The presence of Buddhist traders in a given area did not necessarily lead to the adoption of Buddhism. The biographies of itinerant monks such as Guṇavarman, Vajrabuddhi/Vajrabodhi, and Amoghavajra make it clear that royal sponsorship was essential for the religion to gain a firm foothold in the regions they visited. According to Ronald Davidson, an important factor in the rise and quick spread of esoteric (or tantric) fashions of Buddhism across Asia from the 7th century was the loss of mercantile support due to the dominance of Persian/Muslim traders on the Indian Ocean network, and the concomitant escalation in royal patronage.13 This was made possible through the intimate relationship between ritual specialists and the political elites who, lured by the promise of invincibility, protection for the state, and superhuman powers, often employed tantric monks as “royal chaplains.” In this way, they were following the pattern that already existed between Brahmanical ritualists and the courts they served. Davidson’s “royal” model has been questioned by Hiram Woodward, who denies the incompatibility between mercantile and royal values, and envisages an integration of the “mercantile” and “royal” paradigms.14 Significantly, many of the powerful dynasties that were instrumental in the sponsorship and spread of Mahāyāna and Mantranaya Buddhism ruled over domains located along the nodes of commercial and diplomatic maritime networks. Examples are the Pālas in Northeastern India, the Bhauma-Karas in Odisha, the Early Second Lambakaṇṇas in Sri Lanka, the Śailendras in Sumatra and Java, and the Tangs in China. In some cases, the maritime passages of monks were directly sponsored by kings and doubled as diplomatic missions, involving large travel parties and including dignitaries and military exponents.

Maritime Mobility

On the basis of information provided by Pliny and Faxian, the journey by merchant ship from the port city of Tāmralipti in present-day West Bengal to Sri Lanka (en route to Southeast Asia and China) would have taken only a fortnight.15 Yijing states that his own journey from Canton to Sumatra took a month, while the remaining leg from Kedah in Peninsular Malaysia to the Nicobar Islands took ten days, and from there to Tāmralipti took fifteen days.16 But according to other sources, because of the prevailing direction of monsoon winds, making a return voyage between China and the Indian Subcontinent in one year was nearly impossible.17

Be that as it may, it has now become increasingly evident that the maritime mobility of Buddhist agents was quicker and easier than hitherto assumed. A case in point is the episode of the establishment of the female Buddhist order (bhikṣunīsaṅgha) in China. This endeavor was started by the Kashmirian monk Guṇavarman, who, however, failed to do so due to the insufficient number of senior nuns; only three of them reached China from Sri Lanka in 429 ce. After his death in 431 ce, he was succeeded by Saṅghavarman, who managed to complete this task by requesting more nuns from Sri Lanka. These eventually reached China in 438 ce on the ship of a non-Chinese merchant called Nandin (Zhu Nanti)—the same individual who had brought Guṇavarman to Sri Lanka and China and who is credited with translating some Sanskrit Mahāyāna scriptures into Chinese.18 The two-way traffic between such faraway localities as Sri Lanka and China within the span of a decade suggests that Buddhist communication via the maritime routes as early as the first half of the 5th century is remarkable. It is hardly surprising, however, given the existence of 4th–6th-century Chinese records of sustained diplomatic relations and circulation of relics between the mainland and Sri Lankan and Southeast Asian localities.19 By the 8th century, sea travel seems to have become an even easier undertaking, as suggested by the fact that the Central Asian monk Amoghavajra was even able to send back a Sanskrit text from China to his old master Ratnabuddhi in Sri Lanka after translating it.20 In addition, several monks are known to have made it back to their places of origin. For example, the Indian Parāmiti, reached Canton by 705 and went back to his homeland by boat.21 The Korean monk Hyecho (fl. 8th century, Amoghavajra’s disciple), traveled to India twice within his lifespan—at least once, it seems, via the maritime route.22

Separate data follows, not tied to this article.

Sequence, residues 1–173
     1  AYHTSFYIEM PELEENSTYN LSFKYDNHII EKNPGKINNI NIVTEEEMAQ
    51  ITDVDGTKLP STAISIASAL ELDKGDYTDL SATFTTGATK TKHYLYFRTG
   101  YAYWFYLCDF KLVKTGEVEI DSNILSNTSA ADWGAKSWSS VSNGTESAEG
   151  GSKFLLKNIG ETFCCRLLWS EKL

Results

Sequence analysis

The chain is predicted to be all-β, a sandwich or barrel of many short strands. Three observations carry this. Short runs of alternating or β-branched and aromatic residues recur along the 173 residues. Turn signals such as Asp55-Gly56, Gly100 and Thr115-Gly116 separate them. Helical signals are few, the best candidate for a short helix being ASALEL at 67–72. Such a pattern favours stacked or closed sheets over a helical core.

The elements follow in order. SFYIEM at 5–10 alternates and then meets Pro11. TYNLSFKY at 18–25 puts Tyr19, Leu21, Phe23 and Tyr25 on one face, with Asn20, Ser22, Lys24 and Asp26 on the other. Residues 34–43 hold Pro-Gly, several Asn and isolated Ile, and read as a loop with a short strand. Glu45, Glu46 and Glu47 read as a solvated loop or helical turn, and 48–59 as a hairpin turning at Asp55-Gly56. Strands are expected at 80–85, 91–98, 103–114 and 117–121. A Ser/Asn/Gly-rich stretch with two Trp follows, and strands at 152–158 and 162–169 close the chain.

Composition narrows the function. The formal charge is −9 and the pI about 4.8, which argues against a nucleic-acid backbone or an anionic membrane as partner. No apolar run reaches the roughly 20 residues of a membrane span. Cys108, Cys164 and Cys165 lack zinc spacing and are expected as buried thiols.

Buddhist Narratives of Maritime Crossings

The Sino-Japanese and Tibetan biographies of the monks traveling from China to India and/or vice versa makes clear that travel across the maritime trading channels linking the two regions was not devoid of perils. Besides imagined entities such as marine monsters, Nāgas, and other supernatural beings, the most feared hindrances in the mind of the travelers were storms, unfavorable winds, pirates, and unskilled or unscrupulous crews.

The biographers of the Indian monk Prajña report that his sea journey to Guangzhou in China, where he arrived in 781 ce, was marred by multiple setbacks, taking in all about twenty years.23 Another Indian monk, Maṇicintana, randomly escaped death during a storm on his way to China, while the Chinese monk Jianzhen/Ganjin (鑒真‎/鑑真‎, 688–763) allegedly attempted the dangerous crossing of the sea that separated China from Japan six times before finally making it in 754.24